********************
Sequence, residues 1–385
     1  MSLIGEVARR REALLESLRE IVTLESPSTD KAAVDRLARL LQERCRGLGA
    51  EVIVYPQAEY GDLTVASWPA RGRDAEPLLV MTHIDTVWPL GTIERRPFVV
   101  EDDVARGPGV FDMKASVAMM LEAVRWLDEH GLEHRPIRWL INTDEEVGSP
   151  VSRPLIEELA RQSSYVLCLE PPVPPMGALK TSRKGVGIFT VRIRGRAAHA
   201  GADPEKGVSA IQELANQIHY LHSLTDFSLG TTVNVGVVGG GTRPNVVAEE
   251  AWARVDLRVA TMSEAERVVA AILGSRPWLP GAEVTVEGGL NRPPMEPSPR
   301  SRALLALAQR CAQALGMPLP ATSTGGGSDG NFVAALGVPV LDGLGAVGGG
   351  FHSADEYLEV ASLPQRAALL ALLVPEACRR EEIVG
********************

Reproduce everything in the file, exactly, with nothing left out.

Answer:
Sequence, residues 1–385
     1  MSLIGEVARR REALLESLRE IVTLESPSTD KAAVDRLARL LQERCRGLGA
    51  EVIVYPQAEY GDLTVASWPA RGRDAEPLLV MTHIDTVWPL GTIERRPFVV
   101  EDDVARGPGV FDMKASVAMM LEAVRWLDEH GLEHRPIRWL INTDEEVGSP
   151  VSRPLIEELA RQSSYVLCLE PPVPPMGALK TSRKGVGIFT VRIRGRAAHA
   201  GADPEKGVSA IQELANQIHY LHSLTDFSLG TTVNVGVVGG GTRPNVVAEE
   251  AWARVDLRVA TMSEAERVVA AILGSRPWLP GAEVTVEGGL NRPPMEPSPR
   301  SRALLALAQR CAQALGMPLP ATSTGGGSDG NFVAALGVPV LDGLGAVGGG
   351  FHSADEYLEV ASLPQRAALL ALLVPEACRR EEIVG